CONCLUSIONS: Moxifloxacin doses above 10-15 mg/kg are likely required in young children to match adult exposures but require further safety assessment, especially when coadministered with other QT-prolonging agents.

© The Author(s) 2021. Published by Oxford University Press for the Infectious Diseases Society of America. All rights reserved. For permissions, e-mail: journals.permissions@oup.com.

DOI: 10.1093/cid/ciab641
PMCID: PMC9049278
PMID: 34286843 [Indexed for MEDLINE]
 
Delamanid Added to an Optimized Background Regimen in Children with Multidrug-Resistant Tuberculosis: Results of a Phase I/II Clinical Trial
 
Antimicrob Agents Chemother. 2022 May 17;66(5):e0214421. doi:10.1128/aac.02144-21. Epub 2022 Apr 11.
 
Garcia-Prats AJ(1), Frias M(2), van der Laan L(1), De Leon A(3), Gler MT(2), Schaaf HS(1), Hesseling AC(1), Malikaarjun S(4), Hafkin J(4).
 
Delamanid has been demonstrated to be safe and effective for treatment of adult multidrug-resistant tuberculosis (MDR-TB) and has been approved by the European Commission for treatment of pediatric MDR-TB patients at least 10 kg in weight, making the drug no longer limited to adults. A 10-day phase I age deescalation study was conducted, followed by a 6-month phase II extension study, to assess the pharmacokinetics, safety, tolerability, and preliminary efficacy of delamanid when combined with optimized background regimen (OBR) in children (birth to 17 years) with MDR-TB. Delamanid administered at 100 mg twice-daily (BID), 50 mg BID, and 25 mg BID resulted in exposures in 12- to 17- (n = 7), 6- to 11- (n = 6), and 3- to 5-year-olds (n = 12), respectively, comparable with those in adults at the approved adult dosage (100 mg BID). Exposures in 0- to 2-year-olds (n = 12) following a weight-based dosing regimen (5 mg once daily [QD] to 10 mg BID) were lower than predicted from pharmacokinetic modeling of the older three age groups and below target exposures in adults. Overall, the safety profile of delamanid in children 0 to 17 years of age was similar to the adult profile. At 24 months after the first delamanid dose, 33/37 children (89.2%) had favorable treatment outcomes, as defined by the World Health Organization (15/37 [40.5%] cured and 18/37 [48.6%] completed treatment). A new pediatric delamanid formulation used in 0- to 2-year-olds and 3- to 5-year-olds was palatable per child/parent and nurse/investigator reports. Data from initial phase I/II studies inform our understanding of delamanid use in children and support its further assessment in the setting of pediatric MDR-TB. (This study has been registered at ClinicalTrials.gov under identifiers NCT01856634 [phase I trial] and NCT01859923 [phase II trial].).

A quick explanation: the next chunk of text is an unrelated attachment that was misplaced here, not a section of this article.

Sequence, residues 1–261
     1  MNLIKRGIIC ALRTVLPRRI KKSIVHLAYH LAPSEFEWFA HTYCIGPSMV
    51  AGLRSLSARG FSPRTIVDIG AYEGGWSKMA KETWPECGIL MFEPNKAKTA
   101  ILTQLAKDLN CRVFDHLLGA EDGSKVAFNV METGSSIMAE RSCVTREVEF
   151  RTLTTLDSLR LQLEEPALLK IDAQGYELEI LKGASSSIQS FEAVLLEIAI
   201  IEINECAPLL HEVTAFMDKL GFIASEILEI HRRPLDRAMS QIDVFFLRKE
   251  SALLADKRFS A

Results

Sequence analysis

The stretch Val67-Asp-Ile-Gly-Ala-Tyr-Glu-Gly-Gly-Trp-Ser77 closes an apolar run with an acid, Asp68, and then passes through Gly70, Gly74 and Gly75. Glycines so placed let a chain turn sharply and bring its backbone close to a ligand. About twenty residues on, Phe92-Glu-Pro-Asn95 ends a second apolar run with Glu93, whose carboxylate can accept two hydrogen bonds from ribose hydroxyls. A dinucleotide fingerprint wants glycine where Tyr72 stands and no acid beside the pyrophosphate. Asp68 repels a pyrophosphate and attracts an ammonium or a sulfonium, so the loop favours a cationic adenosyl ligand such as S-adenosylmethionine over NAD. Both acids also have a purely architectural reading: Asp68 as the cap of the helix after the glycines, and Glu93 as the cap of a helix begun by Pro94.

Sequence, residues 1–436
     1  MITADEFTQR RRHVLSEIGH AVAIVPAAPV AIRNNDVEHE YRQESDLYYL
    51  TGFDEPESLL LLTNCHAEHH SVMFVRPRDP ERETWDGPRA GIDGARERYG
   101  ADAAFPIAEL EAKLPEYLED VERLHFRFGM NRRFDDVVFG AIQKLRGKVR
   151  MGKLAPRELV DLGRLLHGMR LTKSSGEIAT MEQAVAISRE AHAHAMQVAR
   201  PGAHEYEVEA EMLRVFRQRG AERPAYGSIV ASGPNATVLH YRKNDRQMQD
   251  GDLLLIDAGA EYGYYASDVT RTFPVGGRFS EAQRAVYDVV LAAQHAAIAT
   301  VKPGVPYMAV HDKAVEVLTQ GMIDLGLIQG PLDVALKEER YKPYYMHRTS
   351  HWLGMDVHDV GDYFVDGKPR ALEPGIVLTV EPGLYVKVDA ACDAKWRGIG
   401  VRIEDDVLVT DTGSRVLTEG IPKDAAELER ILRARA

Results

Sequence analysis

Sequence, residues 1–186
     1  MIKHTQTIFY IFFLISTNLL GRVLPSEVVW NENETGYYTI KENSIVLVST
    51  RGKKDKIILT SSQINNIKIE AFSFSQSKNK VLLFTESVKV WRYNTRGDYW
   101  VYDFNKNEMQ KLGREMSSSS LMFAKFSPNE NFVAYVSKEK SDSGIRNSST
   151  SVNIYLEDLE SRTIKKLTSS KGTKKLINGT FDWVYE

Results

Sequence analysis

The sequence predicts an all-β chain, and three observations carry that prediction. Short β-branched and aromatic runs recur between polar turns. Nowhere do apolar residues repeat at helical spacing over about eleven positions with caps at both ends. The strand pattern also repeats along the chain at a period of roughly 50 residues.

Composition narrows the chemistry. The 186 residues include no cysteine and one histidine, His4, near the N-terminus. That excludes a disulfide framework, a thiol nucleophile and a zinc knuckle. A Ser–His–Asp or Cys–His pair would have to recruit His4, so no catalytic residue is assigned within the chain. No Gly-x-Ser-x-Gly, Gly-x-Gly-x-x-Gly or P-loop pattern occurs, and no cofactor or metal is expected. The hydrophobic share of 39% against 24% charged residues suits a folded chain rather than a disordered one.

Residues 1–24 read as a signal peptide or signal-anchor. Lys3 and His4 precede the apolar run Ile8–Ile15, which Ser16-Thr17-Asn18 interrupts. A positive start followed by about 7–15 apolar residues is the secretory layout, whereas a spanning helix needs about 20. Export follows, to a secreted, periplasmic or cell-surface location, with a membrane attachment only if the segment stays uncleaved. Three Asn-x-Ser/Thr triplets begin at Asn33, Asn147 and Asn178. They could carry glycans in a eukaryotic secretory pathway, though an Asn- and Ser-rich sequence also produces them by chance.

DOI: 10.1128/aac.02144-21
PMCID: PMC9112969
PMID: 35404075 [Indexed for MEDLINE]
 
Feasibility of a "Salvage Regimen" Using Home-based Intravenous Meropenem Therapy With a Delamanid/Bedaquilline Containing Regimen in the Management of MDR/XDR Pediatric Tuberculosis
 
Pediatr Infect Dis J. 2022 May 1;41(5):401-404. doi: 
10.1097/INF.0000000000003486.

Shah I(1), Antony S(1), Jaiswal A(1), Bodhanwala M(2), Shah D(3), Tipre P(3), 
Salve J(4), Parmar M(4)(5), Sachdeva KS(6).

INTRODUCTION: The prevalence of multidrug resistant (MDR) tuberculosis (TB) with additional resistance to fluoroquinolones or second-line injectables (MDRFQ/SLI)/extensively drug-resistant TB (XDR-TB) in children is high in Mumbai. There are limited therapeutic options available in management of such children. Carbapenems, although approved for this indication, requires 2 to 3 daily injections, which are cumbersome. Bedaquilline (Bdq) and Delamanid (Dlm), the new antitubercular drugs still remain inaccessible to this subset of patients caused by conditional approvals. Hence, newer strategies to combat MDRFQ/SLI/XDR-TB needs to be explored.